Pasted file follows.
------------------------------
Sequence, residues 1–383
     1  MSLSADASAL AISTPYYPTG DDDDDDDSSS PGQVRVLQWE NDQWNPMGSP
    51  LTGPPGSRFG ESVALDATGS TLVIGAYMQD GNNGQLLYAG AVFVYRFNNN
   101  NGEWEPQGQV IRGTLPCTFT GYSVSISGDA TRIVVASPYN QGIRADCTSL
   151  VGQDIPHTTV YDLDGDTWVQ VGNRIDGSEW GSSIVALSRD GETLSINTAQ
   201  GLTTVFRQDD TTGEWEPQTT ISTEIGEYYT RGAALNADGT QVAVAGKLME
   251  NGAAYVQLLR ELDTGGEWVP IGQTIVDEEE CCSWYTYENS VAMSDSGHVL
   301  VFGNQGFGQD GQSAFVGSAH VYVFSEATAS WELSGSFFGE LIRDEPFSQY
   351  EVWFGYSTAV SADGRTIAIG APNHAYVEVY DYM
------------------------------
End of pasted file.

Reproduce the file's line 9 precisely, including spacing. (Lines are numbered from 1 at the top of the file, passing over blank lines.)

   351  EVWFGYSTAV SADGRTIAIG APNHAYVEVY DYM